Does A Cheating Spouse Constitute A Bad Faith Marriage For Immigration Purposes?
When you marry someone from another country, not only will you now begin the immigration process but you also need to adjust to living with your new spouse full time.
Many people don’t realize how difficult it can be to go from a long distance relationship to a 24-hour marriage.
After your new spouse has moved the United States, you may notice some changes in their behavior such as depression, anxiety, and/or excitement. They are going through an emotional roller coaster and huge life changes that need to be dealt with.
If you suspect your spouse is cheating on you and are wondering whether this is grounds for a “bad faith marriage” for immigration purposes – keep reading!
What Constitutes A Good or Bad Faith Marriage To The USCIS?
A good faith marriage just means that you both entered into the marriage honestly and without the sole purpose of immigration benefits.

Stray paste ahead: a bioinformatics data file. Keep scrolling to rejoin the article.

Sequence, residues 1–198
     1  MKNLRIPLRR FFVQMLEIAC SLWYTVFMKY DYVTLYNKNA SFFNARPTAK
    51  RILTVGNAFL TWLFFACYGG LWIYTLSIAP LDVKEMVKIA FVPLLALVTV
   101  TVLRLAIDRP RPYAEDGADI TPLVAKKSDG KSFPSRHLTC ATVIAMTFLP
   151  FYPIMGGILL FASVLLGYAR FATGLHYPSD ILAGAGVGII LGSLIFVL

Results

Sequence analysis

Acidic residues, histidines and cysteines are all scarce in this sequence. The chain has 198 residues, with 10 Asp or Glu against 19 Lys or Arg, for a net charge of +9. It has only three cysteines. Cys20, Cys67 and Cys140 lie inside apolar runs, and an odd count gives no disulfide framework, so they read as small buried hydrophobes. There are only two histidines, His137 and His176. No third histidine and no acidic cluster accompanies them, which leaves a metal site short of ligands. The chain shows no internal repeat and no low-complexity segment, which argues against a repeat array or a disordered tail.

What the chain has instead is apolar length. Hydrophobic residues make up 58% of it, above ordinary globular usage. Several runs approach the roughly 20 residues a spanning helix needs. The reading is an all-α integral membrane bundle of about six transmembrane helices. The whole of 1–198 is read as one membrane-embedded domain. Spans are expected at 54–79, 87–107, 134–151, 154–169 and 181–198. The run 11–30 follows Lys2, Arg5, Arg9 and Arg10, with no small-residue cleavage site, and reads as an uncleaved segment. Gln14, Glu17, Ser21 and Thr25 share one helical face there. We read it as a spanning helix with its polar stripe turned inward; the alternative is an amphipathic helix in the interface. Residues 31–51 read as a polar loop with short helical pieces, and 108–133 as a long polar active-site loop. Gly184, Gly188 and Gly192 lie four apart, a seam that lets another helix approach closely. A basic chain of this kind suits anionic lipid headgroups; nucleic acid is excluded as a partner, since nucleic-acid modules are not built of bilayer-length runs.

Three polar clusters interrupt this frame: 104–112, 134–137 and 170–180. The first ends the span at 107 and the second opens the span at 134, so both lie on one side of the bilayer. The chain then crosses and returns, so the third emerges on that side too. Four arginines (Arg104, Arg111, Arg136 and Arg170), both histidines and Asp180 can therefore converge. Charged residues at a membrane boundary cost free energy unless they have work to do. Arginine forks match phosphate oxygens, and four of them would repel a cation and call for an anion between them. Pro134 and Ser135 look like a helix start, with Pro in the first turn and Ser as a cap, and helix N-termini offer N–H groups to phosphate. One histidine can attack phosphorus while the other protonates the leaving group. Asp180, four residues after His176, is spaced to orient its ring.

The evidence needed to show good faith marriage should include financial co-mingling, jointly filed taxes and proof of joint residence.
The amount of evidence you need to provide can vary but you should include as much as you can to show a genuine marriage.
If your non-US Citizen spouse is only in the marriage for immigration benefits, begin to collect as much evidence of this as possible.
Take notes of what they say, emails they send back home and how they treat you after they have moved in with you.
The USCIS takes marriage fraud very seriously, however, they can only take action when you have documented proof of this.
Spouse Cheated On Me, Is This Considered Bad Faith Marriage?
Unfortunately, cheating is not considered marriage fraud to the USCIS.
Unless you have evidence that your spouse was seeing someone in their home country and planned on sponsoring them as soon as they could divorce you – there’s not much you can do.
Many people cheat on their spouses that are not going through immigration so it does not guarantee that your marriage will be perfect.
The difference between a bad faith marriage and an unhappy marriage is the sole intent to receive immigration benefits.
The non-US Citizen must have entered the marriage for the purpose of immigration but this can be very hard to prove.
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